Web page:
Lesson Four - Cultural Perspectives
Welcome back to the Introduction to Soul Tending course. This Lesson discusses the cultural perspectives on soul tending, how they were derived, and how they impact the modern path.
In this lesson, understand that white people can't effectively teach cultural appropriation, as their culture hasn't been appropriated. That includes me. The brass tacks about cultural appropriation are: listen to indigenous people, people of color, and believe them when they speak.
Above all, stay teachable.
Upon completion of this Lesson, respond thoughtfully to the Introspections, and email them to me.
Progress through this Lesson at your own pace, though give yourself the necessary time to draw informed conclusions in your Introspections responses. I am more interested in compelling insights than in rushed completion. The Introspections seem easy on the surface, though don't underestimate what feelings, memories, and biases they stir. Be honest with yourself, your judgments of traditional and modern soul tending, and of yourself as you work through this course.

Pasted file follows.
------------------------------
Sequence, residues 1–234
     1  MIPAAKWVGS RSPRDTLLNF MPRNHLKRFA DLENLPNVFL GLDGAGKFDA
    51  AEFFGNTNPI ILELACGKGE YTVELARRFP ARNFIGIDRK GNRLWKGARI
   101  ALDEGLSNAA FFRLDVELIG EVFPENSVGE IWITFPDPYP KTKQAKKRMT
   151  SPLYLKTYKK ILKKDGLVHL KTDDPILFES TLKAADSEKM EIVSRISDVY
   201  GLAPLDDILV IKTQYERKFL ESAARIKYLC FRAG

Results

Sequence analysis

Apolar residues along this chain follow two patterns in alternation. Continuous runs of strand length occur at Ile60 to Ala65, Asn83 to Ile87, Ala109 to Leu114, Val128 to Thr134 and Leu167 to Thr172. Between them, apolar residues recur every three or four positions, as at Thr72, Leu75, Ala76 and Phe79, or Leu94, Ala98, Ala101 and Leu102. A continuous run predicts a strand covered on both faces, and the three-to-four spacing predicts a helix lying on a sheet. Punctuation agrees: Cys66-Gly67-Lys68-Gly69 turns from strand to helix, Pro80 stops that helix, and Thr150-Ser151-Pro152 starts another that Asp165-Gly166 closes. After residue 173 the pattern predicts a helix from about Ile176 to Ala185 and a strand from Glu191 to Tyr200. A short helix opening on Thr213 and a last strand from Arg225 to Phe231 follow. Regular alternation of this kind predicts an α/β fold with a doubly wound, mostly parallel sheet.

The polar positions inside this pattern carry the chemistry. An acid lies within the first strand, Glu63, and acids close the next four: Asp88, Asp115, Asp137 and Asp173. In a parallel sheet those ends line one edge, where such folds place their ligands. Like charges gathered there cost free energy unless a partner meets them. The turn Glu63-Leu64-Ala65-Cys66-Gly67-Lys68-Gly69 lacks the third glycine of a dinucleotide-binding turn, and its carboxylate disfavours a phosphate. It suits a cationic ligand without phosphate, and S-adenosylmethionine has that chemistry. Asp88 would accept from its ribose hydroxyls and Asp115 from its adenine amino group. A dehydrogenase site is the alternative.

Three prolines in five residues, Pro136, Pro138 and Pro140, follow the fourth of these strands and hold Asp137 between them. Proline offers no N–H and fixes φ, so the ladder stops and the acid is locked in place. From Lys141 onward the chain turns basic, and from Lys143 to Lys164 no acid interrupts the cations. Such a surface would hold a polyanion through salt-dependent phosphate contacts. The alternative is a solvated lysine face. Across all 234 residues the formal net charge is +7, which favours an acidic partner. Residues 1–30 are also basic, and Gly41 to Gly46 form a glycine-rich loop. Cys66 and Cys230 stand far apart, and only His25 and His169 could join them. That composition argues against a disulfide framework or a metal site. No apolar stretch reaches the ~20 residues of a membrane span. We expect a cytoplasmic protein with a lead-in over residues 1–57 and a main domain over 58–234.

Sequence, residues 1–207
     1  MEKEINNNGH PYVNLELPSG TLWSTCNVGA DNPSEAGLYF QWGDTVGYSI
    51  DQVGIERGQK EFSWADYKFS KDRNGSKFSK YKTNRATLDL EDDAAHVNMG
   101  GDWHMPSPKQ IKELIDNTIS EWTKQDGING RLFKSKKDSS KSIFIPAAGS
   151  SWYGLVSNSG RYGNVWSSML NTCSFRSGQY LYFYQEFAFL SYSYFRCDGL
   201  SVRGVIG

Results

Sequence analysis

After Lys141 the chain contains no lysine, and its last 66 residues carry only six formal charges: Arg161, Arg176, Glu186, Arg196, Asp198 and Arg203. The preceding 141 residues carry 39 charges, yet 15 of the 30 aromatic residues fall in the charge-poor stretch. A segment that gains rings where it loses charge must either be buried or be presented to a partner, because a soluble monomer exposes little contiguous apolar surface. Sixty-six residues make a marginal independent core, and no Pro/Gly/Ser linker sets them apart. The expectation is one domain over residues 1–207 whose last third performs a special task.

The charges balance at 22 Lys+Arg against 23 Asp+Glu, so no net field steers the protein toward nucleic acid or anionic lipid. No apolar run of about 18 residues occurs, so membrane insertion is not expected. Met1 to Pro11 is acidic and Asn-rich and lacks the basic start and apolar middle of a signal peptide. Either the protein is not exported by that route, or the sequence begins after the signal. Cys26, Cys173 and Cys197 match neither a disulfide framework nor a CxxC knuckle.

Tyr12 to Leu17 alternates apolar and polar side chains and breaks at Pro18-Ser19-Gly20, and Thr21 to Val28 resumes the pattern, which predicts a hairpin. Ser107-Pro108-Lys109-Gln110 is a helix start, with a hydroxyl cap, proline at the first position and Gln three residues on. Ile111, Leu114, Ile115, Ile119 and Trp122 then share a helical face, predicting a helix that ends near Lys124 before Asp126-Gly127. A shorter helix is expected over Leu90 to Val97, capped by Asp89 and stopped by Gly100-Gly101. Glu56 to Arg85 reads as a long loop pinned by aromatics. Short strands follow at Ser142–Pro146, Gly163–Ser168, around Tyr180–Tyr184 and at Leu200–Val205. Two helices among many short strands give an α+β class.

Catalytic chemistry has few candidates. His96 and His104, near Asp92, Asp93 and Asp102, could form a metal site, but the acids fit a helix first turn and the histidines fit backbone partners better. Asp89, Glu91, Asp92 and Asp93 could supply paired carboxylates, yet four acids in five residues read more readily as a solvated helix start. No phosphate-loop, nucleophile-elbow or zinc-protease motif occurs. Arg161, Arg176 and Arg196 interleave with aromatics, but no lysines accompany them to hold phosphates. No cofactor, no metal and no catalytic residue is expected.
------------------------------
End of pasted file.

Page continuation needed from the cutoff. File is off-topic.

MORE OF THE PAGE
In Lesson 5, we discuss in more detail what soul tending is.
- Is it possible to celebrate the rituals of a group of which you are not native?
- How might you show respect for such rituals?
- What are the rituals of your cultures/
- Of your Ancestors?
- Are you interested in the traditions of a culture other than your own?
- How do you honor that culture?
- Native Appropriations, website dedicated to educating on cultural appropriations perpetuated toward indigenous people
- Rachel Cargle, anti-oppression, anti-racism activist, speaker
- Lyla June, indigenous poet and musician focused on intercultural reconciliation
- Pilar Mejía, Medicine Woman, teacher, and decolonization activist
- Layla Saad, Anti-racism educator, author of the free Me and White Supremacy Workbook, which I highly recommend
- Tribes of Europe interview with John Trudell, Native American activist and poet
- White Fragility by Robin Diangelo